Eric: I’ll start with a confession. Every month, as I sit down to write this column, I feel a dilemma. Miniatures games are, of course, games. Part of the goal of these columns is to expose you to clever or innovative gaming ideas being developed in the miniatures world. Thanks to limits on space and the amount of time I’m comfortable demanding, I end up exploring the gamishness of the game and have little space for anything else.

Yet miniatures games are also more than simple games, and none exemplify this better than Malifaux, our pick for this month. They are, in a real sense, about style. You don’t spend outrageous amounts of time and money on little models just for the act of gaming – you could use cardboard tokens and cereal boxes with their rules. You buy and assemble and paint the models and build the terrain and read the lore for the same reason I own aviators and a (fake) leather jacket – because you want to feel cool. You want some panache and style with your dice rolls and movement decisions.

If that is true, then Malifaux by Wyrd miniatures is the coolest of the cool kids. It drips theme – a theme that is something like Western-Gothic-Industrial-Steampunk-Horror.

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Miniatures Game Review: Dropzone Commander

Miniatures Game Review: Dropzone Commander

Eric: If you’re like me, some days you want something small and cozy, an intimate exploration of a few characters. Other days, you want something big and brassy.

Some days, though, you just want to flatten a building with your opponent’s soldiers still inside it.

Today I’m talking about the sweeping Dropzone Commander by Hawk Wargames. DzC (as we’ll abbreviate it for time and acronyminal sexiness) is a large-scale science fiction game set in the 27th century. As you all know, in the 25th century humanity was driven from its core worlds, including Earth, by the invasion of the parasitic Scourge. Now, 160 years later, it is time to TAKE THEM BACK!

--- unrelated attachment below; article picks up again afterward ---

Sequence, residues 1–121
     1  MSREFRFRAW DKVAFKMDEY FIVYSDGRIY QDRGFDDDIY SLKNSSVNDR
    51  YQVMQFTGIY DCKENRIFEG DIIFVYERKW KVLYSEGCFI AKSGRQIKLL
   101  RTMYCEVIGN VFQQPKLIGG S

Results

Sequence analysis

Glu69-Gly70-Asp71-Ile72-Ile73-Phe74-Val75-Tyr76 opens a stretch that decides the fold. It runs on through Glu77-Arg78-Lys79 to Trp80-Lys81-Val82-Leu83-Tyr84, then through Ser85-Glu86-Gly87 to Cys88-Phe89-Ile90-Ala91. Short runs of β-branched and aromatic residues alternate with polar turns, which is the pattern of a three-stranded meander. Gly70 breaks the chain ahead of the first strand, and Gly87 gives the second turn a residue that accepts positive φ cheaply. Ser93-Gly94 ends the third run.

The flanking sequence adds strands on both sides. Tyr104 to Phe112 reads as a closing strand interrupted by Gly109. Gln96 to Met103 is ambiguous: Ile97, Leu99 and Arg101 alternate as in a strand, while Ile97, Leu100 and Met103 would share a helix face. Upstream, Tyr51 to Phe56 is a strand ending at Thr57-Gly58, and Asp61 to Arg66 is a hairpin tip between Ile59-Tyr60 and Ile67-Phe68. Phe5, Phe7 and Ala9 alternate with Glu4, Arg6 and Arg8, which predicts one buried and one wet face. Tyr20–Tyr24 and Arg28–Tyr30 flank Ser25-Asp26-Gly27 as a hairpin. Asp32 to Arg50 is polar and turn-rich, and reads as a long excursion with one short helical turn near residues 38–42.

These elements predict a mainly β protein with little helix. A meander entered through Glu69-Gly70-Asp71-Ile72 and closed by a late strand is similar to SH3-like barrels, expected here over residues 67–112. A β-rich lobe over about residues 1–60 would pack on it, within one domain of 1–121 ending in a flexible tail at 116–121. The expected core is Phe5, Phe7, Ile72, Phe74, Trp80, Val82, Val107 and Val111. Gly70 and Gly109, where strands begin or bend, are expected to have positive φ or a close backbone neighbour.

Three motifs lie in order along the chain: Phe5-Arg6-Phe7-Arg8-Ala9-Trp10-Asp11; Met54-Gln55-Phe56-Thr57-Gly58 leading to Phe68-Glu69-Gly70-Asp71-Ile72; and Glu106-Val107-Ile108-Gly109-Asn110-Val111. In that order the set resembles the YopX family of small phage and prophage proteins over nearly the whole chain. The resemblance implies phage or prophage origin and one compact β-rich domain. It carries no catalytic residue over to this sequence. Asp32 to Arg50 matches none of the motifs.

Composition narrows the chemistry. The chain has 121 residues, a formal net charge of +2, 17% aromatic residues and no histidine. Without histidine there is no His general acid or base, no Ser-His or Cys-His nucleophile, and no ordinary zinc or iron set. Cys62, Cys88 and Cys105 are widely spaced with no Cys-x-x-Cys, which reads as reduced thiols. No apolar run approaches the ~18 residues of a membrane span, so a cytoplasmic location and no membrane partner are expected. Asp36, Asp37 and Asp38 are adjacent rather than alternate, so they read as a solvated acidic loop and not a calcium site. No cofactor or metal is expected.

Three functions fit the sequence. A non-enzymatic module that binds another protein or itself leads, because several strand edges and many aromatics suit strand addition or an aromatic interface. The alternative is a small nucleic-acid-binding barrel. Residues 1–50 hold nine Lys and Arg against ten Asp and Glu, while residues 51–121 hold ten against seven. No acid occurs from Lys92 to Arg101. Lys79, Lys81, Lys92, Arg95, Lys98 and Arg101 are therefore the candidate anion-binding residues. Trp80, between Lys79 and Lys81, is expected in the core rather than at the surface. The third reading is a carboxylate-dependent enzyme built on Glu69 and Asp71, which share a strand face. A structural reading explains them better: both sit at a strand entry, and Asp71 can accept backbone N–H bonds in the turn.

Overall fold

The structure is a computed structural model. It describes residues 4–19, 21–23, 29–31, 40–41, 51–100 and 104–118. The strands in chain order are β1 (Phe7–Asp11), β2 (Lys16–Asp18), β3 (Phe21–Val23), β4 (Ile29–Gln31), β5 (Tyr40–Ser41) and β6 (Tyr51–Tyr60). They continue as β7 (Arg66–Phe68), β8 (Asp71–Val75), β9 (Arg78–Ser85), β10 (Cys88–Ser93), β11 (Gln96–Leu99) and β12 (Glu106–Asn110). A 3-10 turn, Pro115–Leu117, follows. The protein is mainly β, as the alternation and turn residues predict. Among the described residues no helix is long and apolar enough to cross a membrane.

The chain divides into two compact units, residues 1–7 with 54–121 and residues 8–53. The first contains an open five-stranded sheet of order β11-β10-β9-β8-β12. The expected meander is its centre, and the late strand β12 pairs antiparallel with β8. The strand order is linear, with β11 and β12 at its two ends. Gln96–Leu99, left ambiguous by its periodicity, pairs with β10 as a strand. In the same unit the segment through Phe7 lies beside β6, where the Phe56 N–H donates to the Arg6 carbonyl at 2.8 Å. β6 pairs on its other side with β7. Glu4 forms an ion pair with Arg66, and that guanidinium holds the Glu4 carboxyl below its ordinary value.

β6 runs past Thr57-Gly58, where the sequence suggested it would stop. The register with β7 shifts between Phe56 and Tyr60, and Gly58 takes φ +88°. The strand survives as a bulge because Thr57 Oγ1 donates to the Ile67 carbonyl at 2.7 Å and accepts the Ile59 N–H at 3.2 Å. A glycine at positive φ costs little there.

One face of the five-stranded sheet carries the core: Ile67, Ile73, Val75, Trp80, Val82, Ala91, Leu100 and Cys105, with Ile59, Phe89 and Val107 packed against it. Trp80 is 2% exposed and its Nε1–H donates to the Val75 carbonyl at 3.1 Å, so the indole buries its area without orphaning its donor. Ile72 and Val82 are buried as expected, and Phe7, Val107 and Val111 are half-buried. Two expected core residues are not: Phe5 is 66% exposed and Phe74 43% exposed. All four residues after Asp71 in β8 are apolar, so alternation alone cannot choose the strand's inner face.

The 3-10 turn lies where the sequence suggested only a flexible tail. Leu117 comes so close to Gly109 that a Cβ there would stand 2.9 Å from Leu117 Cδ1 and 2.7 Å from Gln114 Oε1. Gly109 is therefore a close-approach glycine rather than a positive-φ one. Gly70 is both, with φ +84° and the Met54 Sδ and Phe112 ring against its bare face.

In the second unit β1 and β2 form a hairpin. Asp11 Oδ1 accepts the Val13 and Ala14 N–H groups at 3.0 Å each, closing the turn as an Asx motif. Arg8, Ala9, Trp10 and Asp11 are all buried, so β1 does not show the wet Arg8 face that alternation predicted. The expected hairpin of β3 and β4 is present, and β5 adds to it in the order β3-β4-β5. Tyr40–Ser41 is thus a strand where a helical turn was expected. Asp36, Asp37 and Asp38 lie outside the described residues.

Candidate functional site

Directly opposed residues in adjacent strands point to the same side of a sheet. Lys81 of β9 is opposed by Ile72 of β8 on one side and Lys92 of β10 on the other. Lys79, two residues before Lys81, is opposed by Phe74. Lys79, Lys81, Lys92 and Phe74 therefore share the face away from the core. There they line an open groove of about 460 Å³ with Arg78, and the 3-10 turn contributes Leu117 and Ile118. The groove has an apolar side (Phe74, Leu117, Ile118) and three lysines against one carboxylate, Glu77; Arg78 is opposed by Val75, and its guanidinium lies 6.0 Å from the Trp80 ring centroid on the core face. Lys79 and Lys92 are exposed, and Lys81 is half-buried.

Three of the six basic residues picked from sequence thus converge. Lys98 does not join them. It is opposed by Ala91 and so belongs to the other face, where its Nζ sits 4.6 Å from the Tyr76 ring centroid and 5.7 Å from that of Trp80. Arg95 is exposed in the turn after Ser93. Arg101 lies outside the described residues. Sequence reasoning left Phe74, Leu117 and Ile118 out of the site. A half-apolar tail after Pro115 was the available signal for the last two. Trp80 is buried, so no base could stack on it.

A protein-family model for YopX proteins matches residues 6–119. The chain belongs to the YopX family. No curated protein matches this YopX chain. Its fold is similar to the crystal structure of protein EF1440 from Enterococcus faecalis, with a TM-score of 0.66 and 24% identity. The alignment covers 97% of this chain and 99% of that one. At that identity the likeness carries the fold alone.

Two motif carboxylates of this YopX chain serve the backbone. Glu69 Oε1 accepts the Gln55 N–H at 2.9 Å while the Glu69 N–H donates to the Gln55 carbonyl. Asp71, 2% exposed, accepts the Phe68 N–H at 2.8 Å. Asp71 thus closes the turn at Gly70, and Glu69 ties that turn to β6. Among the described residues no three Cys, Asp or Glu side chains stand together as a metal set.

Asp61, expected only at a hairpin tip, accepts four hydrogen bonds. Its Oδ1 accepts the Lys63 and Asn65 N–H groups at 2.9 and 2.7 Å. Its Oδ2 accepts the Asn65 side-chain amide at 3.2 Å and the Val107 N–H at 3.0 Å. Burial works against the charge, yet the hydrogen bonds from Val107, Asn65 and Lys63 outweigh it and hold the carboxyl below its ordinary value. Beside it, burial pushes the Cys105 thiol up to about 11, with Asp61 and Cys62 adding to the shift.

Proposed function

DzC is a game about combined arms – the necessity of diverse units fulfilling specialized roles. On a given turn, you will have squads of infantry searching high rises for precious objectives and engaging in running close combats through their halls. You will field tanks and walkers unleashing massive firepower into each other and those high rises, causing them to collapse. Your aircraft will zip across the whole table at supersonic speeds while blowing up said tanks and bombing high rises as well (in the 27th century you really don’t want to be a footsoldier) and your anti-air firepower will hunt down these aircraft.

And you will have dropships – lots of dropships. We’ll come back to them in a minute.

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Miniatures Game Review: Warmachine & Hordes

Miniatures Game Review: Warmachine & Hordes

[We’re thrilled to welcome back Eric Tonjes, SU&SD company Nebraskan and miniatures gaming expert, for a second review! If you missed his first column click here, and if you missed why a review of Warmachine is topical this week have a peek at the news.]

Eric: Welcome back to our survey of the world of miniatures wargames. This week, our game is Warmachine and Hordes. “But wait,” you might be thinking. “Eric, aren’t those two games?”

Well, my imaginary interlocutor, sort of. Warmachine is a game about steam powered robots with smokestacks bigger than their legs, where wizards shoot spells out of pistols and your “warcaster” channels their willpower to bend the battlefield to their plans. Hordes, by contrast, is a game about lumbering monsters with fists bigger than their heads, where wizards shoot spells out of staffs and your “warlock” channels their rage to bend the battlefield to their plans.

Other than their different resource systems and specific units, they use exactly the same rules and setting and can be played against each other. Indeed, Hordes is often referred to under the umbrella of “Warmachine” (a convention I will continue here), or the grammatically monstrous “Warmahordes” (which I will hopefully never type again).

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Miniatures Game Review: Infinity

Miniatures Game Review: Infinity

[Introducing another new series of articles! Eric Tonjes is professional Nebraskan and miniatures gamer who’s agreed to review some of 2015’s most popular miniatures games. You guys were so sweet to Hilary yesterday, so please give Eric the same welcome!]

Eric: So you’ve played a lot of games. You’ve gone from the simple family stuff to the weightiest Euro, and it still isn’t satisfying. You’re looking for something more. Lately, maybe you’ve been eyeing those hunched figures in the back of the game shop, pushing around their armies of painted men and orcs and arguing about byzantine rules. You’re looking, and you’re wondering… Has it perhaps come to this? Dare I become a *gulp* miniatures gamer?

Or maybe you’ve just noticed those boxes with gloriously painted figurines on the covers and wondered what they’re all about.

In the coming months I’ll be serving as your guide to the dark world of tabletop miniatures gaming. More than that, I’ll be trying to tell you what makes the very best ones sing – what about each one makes them unique, and why people spend huge amounts of money and even larger amounts of time assembling and painting little soldiers.

Up first, let’s take a gander at Infinity, the phenomenal flagship game of Corvus Belli.